August 22, 1862
“‘We went down determined to take the fort,” said Wamditanka (Big Eagle). “If we could take it we would soon have the whole Minnesota valley.” The Dakota soldiers fight hard on this fourth day of the war, but the U.S. soldiers give as good as they get. The Dakota retreat and strategize: should they wage a third battle or attack New Ulm for plunder?” *
What shall I pray for this second day of battle, Lord? We, as human beings, have a long history of wanting “to take the fort.” We are discontent, we are offended, and we crave revenge. This day in history is an offense to Your majestic living masterpieces, whether of the Dakota tribe, or of the people of the state of Minnesota or the United States. Will You have mercy on our slaying precious lives You have created?
We have destroyed Your handiwork in another sense when we committed to this battle. We have desecrated Your lands also known as the Minnesota Valley and Fort Ridgely. We, human beings, are all squatters and temporary stewards of Your earth, but we continually claim it for ourselves?! Forgive our offenses against Your property, Lord of Minnesota. We harvest Your land, take our food, take Your game without price. Yet we want tribute from those who dare offend our kingdoms. Will You speak life and peace to every square foot of land defiled by our rebellion against You, and expressed in separation and bloodshed against our neighbors?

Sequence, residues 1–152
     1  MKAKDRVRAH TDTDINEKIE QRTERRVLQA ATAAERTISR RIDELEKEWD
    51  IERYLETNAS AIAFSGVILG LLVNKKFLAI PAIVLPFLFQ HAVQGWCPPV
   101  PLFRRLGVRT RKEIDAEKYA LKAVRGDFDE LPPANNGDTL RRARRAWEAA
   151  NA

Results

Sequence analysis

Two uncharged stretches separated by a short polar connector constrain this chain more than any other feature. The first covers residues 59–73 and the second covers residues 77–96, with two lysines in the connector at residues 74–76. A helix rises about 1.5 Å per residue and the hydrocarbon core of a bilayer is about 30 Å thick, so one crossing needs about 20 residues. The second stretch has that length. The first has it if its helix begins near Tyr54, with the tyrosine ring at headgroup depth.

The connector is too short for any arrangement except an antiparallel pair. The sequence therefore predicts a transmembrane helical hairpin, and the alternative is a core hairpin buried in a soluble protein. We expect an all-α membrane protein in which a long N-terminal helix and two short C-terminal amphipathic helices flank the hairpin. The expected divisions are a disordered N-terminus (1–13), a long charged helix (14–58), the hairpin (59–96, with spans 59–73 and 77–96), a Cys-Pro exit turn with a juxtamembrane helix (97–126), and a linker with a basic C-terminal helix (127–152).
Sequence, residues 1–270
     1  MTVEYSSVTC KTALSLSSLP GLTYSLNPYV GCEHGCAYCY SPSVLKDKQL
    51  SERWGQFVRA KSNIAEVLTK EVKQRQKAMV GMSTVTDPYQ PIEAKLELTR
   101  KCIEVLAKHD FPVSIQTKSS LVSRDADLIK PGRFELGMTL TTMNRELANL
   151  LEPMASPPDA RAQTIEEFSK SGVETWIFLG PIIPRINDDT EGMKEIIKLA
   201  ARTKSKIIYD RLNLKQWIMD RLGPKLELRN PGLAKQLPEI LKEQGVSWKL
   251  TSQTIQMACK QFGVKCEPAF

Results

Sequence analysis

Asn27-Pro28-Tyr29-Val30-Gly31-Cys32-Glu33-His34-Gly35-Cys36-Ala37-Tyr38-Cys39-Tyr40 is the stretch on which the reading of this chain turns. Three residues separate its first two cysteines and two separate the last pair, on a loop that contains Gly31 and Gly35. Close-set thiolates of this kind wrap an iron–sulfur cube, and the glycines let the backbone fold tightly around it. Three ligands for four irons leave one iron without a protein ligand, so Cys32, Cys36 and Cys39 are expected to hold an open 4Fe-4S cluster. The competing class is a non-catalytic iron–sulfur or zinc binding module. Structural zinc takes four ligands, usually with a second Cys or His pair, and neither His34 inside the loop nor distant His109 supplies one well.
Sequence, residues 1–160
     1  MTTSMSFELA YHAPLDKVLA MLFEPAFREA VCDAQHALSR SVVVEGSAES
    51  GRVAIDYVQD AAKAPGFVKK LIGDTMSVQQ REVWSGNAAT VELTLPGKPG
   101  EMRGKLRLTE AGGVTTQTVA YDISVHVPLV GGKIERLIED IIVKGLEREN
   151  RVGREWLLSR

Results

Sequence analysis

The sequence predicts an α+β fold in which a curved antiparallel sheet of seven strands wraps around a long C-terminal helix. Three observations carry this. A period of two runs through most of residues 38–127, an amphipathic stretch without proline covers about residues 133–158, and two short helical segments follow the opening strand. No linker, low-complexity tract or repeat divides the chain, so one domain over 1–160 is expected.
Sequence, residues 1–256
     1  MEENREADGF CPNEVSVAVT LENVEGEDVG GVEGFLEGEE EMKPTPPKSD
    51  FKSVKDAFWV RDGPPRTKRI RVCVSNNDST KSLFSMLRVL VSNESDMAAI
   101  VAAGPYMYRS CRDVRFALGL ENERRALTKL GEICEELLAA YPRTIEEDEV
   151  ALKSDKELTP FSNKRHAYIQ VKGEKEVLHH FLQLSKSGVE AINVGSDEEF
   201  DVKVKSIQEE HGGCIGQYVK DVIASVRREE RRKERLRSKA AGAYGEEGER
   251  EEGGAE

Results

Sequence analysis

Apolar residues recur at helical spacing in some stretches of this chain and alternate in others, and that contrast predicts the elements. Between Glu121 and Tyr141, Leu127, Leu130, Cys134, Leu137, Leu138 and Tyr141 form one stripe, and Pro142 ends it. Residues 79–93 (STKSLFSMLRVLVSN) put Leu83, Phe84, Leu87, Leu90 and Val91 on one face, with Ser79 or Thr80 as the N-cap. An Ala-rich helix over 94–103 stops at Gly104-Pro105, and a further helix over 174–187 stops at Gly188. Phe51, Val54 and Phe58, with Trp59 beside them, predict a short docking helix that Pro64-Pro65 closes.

Under the authority of Jesus and as a co-inheritor of His mercy, Wamditanka, I announce His forgiveness to You and Your men for your attack on Minnesota and the United States. Will You forgive me and my forbearers’ our bloodguilt, sins and failures, bitter words and curses against you and your nation? Will you wipe away the memory of bitter vows and judgments we have made over you, and you over us? Holy Spirit, come and walk between us. Show the Dakotan and the Minnesotan how to be brothers. Will You change the atmosphere of our relationship! May You give us an heart to keep blessing each other until You return!
*P.T.H. cites timeline formerly at this URL: mnhs.org/about/dipity_timeline.htm
The Minnesota Historical Society Web site, http://www.mnhs.org , is fantastic! Check it out!